Dr. Bartz has filed suit against Michigan Attorney General Frank J. Kelley and Blue Cross & Blue Shield of Michigan, alleging malicious prosecution.
The investigators seized dozens of patients' records, far more than authorized by the search warrant, and have yet to return them or to release copies. Patients are concerned about loss of confidentiality as well as their ongoing care.
Over a five-year period, Bissell reportedly misused $1.5 million of the $3.2 million seized, as on improper bonuses rather than law-enforcement efforts.
While awaiting sentencing on a federal conviction for fraud and tax evasion, he fled New Jersey. When caught by federal marshalls in a Nevada hotel room, he shot himself.
``I can't do ten years,'' he said (NY Times 6/18/97).
Then the FDA suddenly did an about-face, leading to the suspicion that ``the whole negotiation process [was] a cruel hoax by FDA to flush out any unidentified physicians using 801(e) excimer lasers.'' SALT claims that the custom lasers the physicians are using are safer than the approved devices.
The arbitrary actions of the FDA suggest corruption and influence pedaling by vendors seeking to monopolize the excimer laser market. The FDA is, in effect, seeking to micro-manage the practice of medicine.
SALT believes that a court challenge is winnable, but it would be extremely expensive.
AAPS Director Lawrence Huntoon, M.D., asks: what happens if I don't sign their atrocious form? What happens if I submit claims (as required by law), but they refuse to accept them because I haven't signed the form? Would they be breaking the law? Dr. Huntoon also warns that signing the form would preclude a physician from complaining about Medicare- created problems because he could not divulge any information about a Medicare beneficiary except to HCFA.
Interestingly, while passing through Cassadaga, New York,
yesterday (which is where the Lapps live), I got pulled over by
the State police. I was second in line of about four other cars.
A trooper driving in the opposite direction seemed to recognize
either us or our car. After passing us, he made an abrupt U-turn
in the middle of the street and came after us. He said he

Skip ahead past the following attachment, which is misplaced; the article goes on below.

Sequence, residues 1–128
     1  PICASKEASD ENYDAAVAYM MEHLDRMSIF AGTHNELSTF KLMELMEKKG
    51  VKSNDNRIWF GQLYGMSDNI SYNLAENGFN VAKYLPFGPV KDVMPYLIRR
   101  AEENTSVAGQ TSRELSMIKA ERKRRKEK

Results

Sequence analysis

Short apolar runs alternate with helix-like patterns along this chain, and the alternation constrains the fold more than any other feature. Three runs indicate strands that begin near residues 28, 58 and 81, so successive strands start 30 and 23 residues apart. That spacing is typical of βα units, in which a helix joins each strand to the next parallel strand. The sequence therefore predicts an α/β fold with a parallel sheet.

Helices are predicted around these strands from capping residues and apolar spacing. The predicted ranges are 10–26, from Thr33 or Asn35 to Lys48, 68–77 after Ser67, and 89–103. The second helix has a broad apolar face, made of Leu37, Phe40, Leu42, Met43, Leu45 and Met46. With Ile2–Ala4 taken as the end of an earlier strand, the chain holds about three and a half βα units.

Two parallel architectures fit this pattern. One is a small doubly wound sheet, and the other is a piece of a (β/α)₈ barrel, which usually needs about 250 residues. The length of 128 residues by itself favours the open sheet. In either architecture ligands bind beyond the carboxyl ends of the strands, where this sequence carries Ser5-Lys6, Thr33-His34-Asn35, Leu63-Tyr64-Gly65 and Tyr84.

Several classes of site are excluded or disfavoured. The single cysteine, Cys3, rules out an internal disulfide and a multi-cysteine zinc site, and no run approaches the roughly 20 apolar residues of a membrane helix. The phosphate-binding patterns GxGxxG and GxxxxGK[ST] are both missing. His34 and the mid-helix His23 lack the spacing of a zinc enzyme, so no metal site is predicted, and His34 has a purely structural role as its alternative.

``thought our inspection sticker might have expired.'' (The
sticker is 2 x 2 inches and has a small hole punched through the
date of expiration.) I had not violated any traffic law and was
not accused of anything. I thought it might be some new law
giving the government power to do various things if they think
you're about to commit a crime. The trooper wanted to know where
I had been, where I was going, and why was I out riding in the
car with my wife, my dog, and my cat. (We had just taken our pets
to the vet and were driving home.) Maybe they thought I was going
to visit the Lapps. Funny how it happened near Cassadaga....
Lawrence R. Huntoon, M.D., Ph.D., Jamestown, NY
Industrial Commission Encourages Lies. Patients have an incentive to file their medical claims with Worker's Compen- sation. If the Industrial Commission approves the claim as being work-related, the patient gets reimbursed for the copayment, deductible, and any out-of-pocket expenses. The Commission will often approve cases that can't objectively be proven to be work- related, such as backaches and carpal tunnel syndrome. I don't care to work with the Industrial Commission, ... a program that ignores free-market forces and produces care of lesser quality than I am willing to provide. The Industrial Commission of Utah fixes prices and tries to force physicians to participate....
In response to questions raised by Dr. Reynolds, Alan Hennebold, General Counsel, Industrial Commission of Utah, telephone (801)530-6937, writes that: A physician's duty to abide by workers' compensation rules and fee schedules arises from the nature of the injury. It is a matter of statutory law, rather than contract. Even if a physician explicitly states that he does not wish to see industrial patients and patients sign an acknowledgment to that effect, the physician is still bound by Commission rules if it is later determined that the injury was industrial. The physician may have to reimburse amounts paid under the assumption that the case was nonindustrial.
Question: ``Is there any way a physician in Utah can close his practice entirely to industrially injured patients?'' Answer: ``In absolute terms, probably not.''
Inconsistencies by Medical Board. In July, 1996, Dr. Eric Braverman's license was suspended by the Board of Medical Examiners. The DA accused him publicly of ``gross malpractice,'' techniques that ``bordered on quackery,'' and lack of good moral character. Any single charge, if proved, would be enough to bar him from practice. But ten months and hundreds of thousands of dollars later, the Board backed off on all except the usual fallback, face-saving, round-up-the-usual- suspects position of ``shoddy recordkeeping.''
``We called his practices into question, and all our questions were answered. He was able to adequately prove to us that there were legitimate medical reasons for the things he did,'' stated Rita Malley, spokeswoman for the Attorney General's office (Burlington-Metro Times 5/22/97).